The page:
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Methodological guidelines on tasks

Notice the way in which the animal crawls upon the bottom. Is it well protected from enemies? Examine it carefully for parasites and for animals that are attached to it. Disturb it and see if it will swim. The animals are usually quite active in the evening, and if you visit a car in which they are kept, at this time of the day, you are likely to find them crawling up the sides, falling over and swimming on their backs. In this position it is easy to determine how they swim. The animals are very hardy and will stand even complete removal from the water for days at a time. During the spring and early summer, eggs are deposited in the sand; the male holding to the edge of the abdomen of the female with claws modified for the purpose, is dragged after her. If possible, the method of egg deposition and fertilization should be observed.

  1. The animal consists of a hoof-shaped cephalothorax, an abdomen, and a caudal spine. How are these joined? Is there any indication of segmentation of any of them?
  2. Examine the eyes with a lens and see that they are compound.
  3. On the lower side of the cephalothorax notice the appendages. Are they all built on the same plan? Compare them in male and female. Do you know what the modifications are for? Compare the pincers with those of a lobster. The first pair of appendages is called the chelicerce. Between the bases of the last pair of walking legs are the chilaria. Behind the chilaria is the operculum. Does this show evidence of being modified appendages? What is its function?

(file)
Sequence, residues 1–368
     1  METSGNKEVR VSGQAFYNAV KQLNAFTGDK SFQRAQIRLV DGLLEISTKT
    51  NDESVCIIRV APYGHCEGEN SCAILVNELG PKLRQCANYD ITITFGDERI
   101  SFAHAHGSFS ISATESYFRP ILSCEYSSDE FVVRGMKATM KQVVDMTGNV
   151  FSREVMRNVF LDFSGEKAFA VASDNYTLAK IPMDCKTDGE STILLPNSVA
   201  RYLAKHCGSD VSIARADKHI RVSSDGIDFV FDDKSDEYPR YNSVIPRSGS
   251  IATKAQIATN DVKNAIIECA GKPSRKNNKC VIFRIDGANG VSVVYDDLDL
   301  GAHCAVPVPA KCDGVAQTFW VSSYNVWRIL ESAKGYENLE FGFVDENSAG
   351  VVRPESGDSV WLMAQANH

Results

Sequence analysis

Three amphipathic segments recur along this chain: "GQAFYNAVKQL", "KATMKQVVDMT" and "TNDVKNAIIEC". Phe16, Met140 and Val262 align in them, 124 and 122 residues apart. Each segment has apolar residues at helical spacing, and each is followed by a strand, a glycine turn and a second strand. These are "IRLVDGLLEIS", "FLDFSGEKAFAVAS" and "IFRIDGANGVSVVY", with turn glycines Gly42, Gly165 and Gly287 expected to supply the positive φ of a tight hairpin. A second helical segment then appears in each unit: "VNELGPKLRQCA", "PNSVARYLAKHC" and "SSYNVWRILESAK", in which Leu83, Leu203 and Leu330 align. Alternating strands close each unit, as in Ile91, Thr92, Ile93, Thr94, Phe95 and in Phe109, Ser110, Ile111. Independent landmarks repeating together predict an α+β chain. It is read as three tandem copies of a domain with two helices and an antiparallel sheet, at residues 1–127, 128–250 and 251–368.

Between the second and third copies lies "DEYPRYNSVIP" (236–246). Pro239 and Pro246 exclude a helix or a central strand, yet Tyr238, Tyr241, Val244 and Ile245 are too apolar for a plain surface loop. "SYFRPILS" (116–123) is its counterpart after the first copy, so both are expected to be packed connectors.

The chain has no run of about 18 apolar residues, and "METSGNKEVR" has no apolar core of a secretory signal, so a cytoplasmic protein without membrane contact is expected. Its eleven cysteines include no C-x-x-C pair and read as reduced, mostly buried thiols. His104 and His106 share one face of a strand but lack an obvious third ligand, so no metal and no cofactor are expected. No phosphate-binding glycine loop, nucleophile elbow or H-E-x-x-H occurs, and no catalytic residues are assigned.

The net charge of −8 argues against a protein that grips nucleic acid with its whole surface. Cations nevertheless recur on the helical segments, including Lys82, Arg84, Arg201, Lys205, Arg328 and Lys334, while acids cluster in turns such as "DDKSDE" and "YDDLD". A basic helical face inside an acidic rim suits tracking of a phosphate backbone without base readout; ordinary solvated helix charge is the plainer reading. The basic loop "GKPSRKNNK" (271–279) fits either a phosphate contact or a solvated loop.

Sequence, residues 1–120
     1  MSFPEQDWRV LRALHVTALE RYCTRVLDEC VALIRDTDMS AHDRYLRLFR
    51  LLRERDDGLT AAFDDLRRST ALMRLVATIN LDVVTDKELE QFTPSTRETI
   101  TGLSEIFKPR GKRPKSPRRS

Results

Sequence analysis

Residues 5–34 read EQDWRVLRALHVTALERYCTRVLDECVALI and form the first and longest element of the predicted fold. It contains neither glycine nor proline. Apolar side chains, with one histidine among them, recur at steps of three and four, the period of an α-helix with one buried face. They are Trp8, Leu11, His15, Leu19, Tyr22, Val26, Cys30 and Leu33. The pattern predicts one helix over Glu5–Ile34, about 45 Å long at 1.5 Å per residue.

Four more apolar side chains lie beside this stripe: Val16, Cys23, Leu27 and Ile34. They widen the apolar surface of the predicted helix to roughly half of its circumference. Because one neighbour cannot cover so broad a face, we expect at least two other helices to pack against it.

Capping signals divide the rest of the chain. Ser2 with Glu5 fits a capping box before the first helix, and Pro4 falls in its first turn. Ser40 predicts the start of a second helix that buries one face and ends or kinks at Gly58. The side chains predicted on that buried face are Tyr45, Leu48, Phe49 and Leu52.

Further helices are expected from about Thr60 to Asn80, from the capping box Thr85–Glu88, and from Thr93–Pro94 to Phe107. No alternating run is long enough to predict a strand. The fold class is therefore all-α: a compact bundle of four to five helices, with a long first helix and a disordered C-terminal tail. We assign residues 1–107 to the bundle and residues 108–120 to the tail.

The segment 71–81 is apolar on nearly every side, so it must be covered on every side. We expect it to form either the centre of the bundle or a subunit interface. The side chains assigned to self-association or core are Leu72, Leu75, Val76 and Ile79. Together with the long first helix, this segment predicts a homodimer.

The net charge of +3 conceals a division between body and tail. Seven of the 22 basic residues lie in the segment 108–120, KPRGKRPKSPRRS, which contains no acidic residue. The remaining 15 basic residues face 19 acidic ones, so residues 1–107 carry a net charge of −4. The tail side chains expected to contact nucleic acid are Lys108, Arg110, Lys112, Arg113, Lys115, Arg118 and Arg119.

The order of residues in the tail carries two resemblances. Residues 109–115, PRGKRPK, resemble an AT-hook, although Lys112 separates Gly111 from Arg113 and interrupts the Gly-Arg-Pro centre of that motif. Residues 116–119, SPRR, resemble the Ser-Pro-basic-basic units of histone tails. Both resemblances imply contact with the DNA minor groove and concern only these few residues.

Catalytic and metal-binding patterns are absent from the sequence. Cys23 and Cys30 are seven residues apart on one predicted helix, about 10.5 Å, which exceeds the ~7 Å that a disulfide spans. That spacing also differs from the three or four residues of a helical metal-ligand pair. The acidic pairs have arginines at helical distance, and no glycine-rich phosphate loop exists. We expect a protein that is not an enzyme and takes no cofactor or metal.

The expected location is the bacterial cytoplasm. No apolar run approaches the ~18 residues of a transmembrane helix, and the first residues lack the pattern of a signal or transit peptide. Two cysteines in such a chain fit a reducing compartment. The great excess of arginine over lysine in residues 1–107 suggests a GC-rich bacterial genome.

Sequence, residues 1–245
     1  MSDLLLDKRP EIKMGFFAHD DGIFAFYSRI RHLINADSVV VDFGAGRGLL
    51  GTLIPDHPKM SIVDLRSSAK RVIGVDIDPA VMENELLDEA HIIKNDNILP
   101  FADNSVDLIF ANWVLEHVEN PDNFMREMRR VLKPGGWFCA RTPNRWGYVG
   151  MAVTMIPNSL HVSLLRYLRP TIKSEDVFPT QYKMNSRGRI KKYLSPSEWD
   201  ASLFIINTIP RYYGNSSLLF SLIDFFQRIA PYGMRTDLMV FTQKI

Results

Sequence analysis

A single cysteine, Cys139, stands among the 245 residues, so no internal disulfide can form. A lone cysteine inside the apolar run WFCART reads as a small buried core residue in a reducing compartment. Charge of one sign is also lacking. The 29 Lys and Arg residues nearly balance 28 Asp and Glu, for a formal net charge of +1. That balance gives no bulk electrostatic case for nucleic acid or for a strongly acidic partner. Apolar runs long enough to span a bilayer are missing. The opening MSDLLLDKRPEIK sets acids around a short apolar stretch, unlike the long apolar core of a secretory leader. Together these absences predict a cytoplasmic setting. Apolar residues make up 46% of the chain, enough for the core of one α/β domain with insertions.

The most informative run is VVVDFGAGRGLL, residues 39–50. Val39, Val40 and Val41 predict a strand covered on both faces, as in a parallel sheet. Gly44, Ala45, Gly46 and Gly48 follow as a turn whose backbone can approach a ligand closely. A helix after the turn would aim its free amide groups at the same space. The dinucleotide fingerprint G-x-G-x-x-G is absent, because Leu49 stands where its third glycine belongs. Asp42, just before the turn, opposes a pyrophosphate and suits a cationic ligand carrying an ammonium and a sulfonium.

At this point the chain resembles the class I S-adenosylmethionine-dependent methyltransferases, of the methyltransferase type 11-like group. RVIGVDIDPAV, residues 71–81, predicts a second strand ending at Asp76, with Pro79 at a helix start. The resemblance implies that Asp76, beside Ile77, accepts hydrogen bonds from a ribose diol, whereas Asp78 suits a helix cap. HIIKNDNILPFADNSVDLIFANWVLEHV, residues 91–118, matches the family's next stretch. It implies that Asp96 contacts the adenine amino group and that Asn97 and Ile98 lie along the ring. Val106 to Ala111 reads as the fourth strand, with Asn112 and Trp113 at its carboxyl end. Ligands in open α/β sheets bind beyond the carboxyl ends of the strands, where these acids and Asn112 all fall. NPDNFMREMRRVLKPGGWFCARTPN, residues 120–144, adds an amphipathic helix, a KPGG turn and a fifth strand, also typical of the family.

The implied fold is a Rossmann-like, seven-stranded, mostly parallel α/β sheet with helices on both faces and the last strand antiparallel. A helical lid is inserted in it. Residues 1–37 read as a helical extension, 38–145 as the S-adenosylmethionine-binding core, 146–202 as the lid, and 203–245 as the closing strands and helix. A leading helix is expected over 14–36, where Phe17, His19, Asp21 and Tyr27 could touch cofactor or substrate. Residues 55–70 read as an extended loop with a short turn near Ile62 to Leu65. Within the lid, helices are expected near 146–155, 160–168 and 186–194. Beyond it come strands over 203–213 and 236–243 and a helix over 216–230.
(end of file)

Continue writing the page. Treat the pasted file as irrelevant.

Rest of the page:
4. Between the bases of the cephalothoracic appendages is the mouth. Do the bases of the appendages show any modifications that may serve as teeth? Can the pincer-bearing appendages be so bent as to be used in feeding?
  5. Along the sides of the abdomen notice the movable spines. How many are there?
  6. Under the operculum are the gills. How many groups are there? Are they arranged in pairs? How are they attached to the body? Are they movable? What reason is there for moving them? Examine a bunch of gills, frequently called a gill-book, and see how it is formed.
  7. At the base of the caudal spine notice the anus. Make a drawing of the ventral surface.

Internal Anatomy. This shows no very special adaptation and can be pretty well understood by studying a longitudinal section of a small preserved specimen.

In such a section the following organs may be found:

  1. The dorsal extensor, the ventral flexor, and the leg muscles.
  2. The elongated tubular heart just beneath the dorsal covering, in the posterior end of the cephalothorax and the anterior end of the abdomen.
  3. The alimentary canal, consisting of the esophagus and the anterior and posterior portions of the stomach, which extends posteriorly without much change to the anus. The liver, which surrounds the stomach and fills the greater portion of the cephalothorax, sends its secretions to the stomach.
  4. The cerebral ganglia, near the bases of the chelicerae, and the ventral chain of ganglia should also be seen in satisfactory sections.

A drawing is desirable.

BUTHUS. (Scorpion.)

Living specimens of these animals are not usually available for laboratory study. They live for the most part concealed during the day in crevices and holes and are active at night. Their food is largely spiders and insects which are seized by the claws and killed with the abdominal sting.

  1. Into what* parts is the body divided? How many segments are recognizable? Which are the most freely movable?
  2. Look for eyes. Do you find any besides the large pair?
  3. Find four pairs of slit-like openings on the ventral side of the pre-abdomen. These are the stigmata, the openings of the lung-books.
  4. Find the following appendages: